Updated on April 11 at 9:46 a.m. ET
For months, House Republicans and Democrats alike have traded bets on whether Speaker Paul Ryan would run for reelection. Now, it seems, they have their answer.
At a House Republican conference meeting on Wednesday morning, Ryan informed colleagues that he will not seek reelection in his Wisconsin district, according to multiple House Republican sources. A source with direct knowledge said that Ryan told his staff just before the gathering, at approximately 8:45 a.m. ET.
“I’ve become a Sunday Dad,” Ryan told members in the closed-door session, according to two Republicans inside the room. He said that after 20 years in Congress he is anxious to spend more time with his family. Looking “subdued” and “respectful”—as one Republican put it—Ryan added that he’s satisfied with his accomplishments, including tax reform and an increased defense budget.
“Members are thankful to Paul,” one member texted me. “It’s his decision, so everyone seems okay and understanding.” (Lawmakers cited in this story spoke on the condition of anonymity so they could speak freely.)
As Ryan addressed the conference, his longtime communications aide Brendan Buck issued a statement to reporters confirming the news:
This morning Speaker Ryan shared with his colleagues that this will be his last year as a member of the House. He will serve out his full term, run through the tape, and then retire in January. After nearly twenty years in the House, the speaker is proud of all that has been accomplished and is ready to devote more of his time to being a husband and a father. While he did not seek the position, he told his colleagues that serving as speaker has been the professional honor of his life, and he thanked them for the trust they placed in him.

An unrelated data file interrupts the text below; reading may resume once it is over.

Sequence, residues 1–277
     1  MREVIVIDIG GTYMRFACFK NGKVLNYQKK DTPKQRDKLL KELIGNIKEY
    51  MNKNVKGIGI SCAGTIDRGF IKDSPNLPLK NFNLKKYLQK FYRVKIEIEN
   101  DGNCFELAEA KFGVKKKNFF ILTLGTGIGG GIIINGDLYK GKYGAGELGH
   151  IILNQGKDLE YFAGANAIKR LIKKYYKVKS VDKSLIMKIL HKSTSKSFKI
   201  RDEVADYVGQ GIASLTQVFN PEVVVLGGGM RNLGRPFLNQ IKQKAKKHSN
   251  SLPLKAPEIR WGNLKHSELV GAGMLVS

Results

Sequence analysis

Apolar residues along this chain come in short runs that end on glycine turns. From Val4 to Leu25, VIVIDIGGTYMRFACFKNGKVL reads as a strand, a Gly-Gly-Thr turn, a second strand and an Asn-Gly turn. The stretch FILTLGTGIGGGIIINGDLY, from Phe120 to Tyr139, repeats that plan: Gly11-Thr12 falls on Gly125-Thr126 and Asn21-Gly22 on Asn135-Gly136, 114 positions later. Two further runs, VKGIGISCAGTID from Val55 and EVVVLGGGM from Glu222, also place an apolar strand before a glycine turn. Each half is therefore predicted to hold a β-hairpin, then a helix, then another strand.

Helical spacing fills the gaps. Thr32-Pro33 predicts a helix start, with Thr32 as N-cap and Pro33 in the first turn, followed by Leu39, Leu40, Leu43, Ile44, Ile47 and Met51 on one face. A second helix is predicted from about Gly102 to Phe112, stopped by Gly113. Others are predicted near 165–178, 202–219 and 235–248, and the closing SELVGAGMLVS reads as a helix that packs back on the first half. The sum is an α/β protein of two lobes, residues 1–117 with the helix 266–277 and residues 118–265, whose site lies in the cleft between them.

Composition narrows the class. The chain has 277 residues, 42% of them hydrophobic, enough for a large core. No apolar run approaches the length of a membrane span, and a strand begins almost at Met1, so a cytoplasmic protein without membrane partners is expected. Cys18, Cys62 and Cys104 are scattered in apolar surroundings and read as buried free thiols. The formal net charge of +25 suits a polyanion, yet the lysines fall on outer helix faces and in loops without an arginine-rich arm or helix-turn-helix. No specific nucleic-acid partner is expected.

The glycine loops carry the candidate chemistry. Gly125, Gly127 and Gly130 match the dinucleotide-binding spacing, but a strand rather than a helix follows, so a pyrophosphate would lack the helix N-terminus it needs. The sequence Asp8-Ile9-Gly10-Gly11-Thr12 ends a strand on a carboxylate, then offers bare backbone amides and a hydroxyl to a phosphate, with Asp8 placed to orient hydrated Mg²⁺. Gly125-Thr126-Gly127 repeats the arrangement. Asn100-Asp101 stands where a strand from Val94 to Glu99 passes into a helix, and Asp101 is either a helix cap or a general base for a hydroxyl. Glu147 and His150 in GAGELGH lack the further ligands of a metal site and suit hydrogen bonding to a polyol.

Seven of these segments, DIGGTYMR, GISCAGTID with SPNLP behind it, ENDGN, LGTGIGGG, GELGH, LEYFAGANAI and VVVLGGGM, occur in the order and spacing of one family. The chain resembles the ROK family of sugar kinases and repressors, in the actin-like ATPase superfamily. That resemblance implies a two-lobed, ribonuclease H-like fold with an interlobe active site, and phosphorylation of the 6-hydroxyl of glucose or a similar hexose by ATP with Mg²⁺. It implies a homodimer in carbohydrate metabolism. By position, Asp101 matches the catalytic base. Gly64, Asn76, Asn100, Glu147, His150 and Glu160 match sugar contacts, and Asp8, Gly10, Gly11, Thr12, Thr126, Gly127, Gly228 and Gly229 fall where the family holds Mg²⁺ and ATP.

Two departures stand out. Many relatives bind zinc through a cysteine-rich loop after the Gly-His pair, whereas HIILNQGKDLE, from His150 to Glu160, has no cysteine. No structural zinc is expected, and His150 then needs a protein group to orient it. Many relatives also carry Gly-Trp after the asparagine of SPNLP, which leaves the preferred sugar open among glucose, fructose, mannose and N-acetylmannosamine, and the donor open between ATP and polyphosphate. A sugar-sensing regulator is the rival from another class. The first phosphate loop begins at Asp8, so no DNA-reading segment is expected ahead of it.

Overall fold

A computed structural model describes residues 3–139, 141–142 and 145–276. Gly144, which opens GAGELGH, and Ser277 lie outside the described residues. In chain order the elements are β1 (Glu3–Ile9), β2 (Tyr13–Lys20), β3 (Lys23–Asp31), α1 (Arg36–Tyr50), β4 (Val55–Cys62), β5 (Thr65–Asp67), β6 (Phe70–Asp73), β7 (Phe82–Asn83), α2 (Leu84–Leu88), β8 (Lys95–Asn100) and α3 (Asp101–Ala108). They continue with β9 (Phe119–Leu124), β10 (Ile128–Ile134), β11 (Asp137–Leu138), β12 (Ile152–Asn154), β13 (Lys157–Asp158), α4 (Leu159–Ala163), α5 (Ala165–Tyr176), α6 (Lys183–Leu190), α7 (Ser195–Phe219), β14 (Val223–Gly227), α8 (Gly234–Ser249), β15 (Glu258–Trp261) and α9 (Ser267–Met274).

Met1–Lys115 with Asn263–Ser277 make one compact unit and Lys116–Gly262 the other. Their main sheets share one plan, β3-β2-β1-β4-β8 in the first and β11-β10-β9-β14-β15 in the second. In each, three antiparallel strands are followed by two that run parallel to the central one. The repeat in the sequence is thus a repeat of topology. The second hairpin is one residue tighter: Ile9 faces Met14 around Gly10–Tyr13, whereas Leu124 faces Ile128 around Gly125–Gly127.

For months now, rumors have circulated on Capitol Hill that Ryan was mulling retirement from the speakership he never wanted. The whispers triggered a fundraising frenzy from Majority Leader Kevin McCarthy and Majority Whip Steve Scalise, who are jockeying to replace him. Both McCarthy and Scalise have been more overt about their ambitions in recent weeks, fueling more speculation that Ryan was eyeing the exits.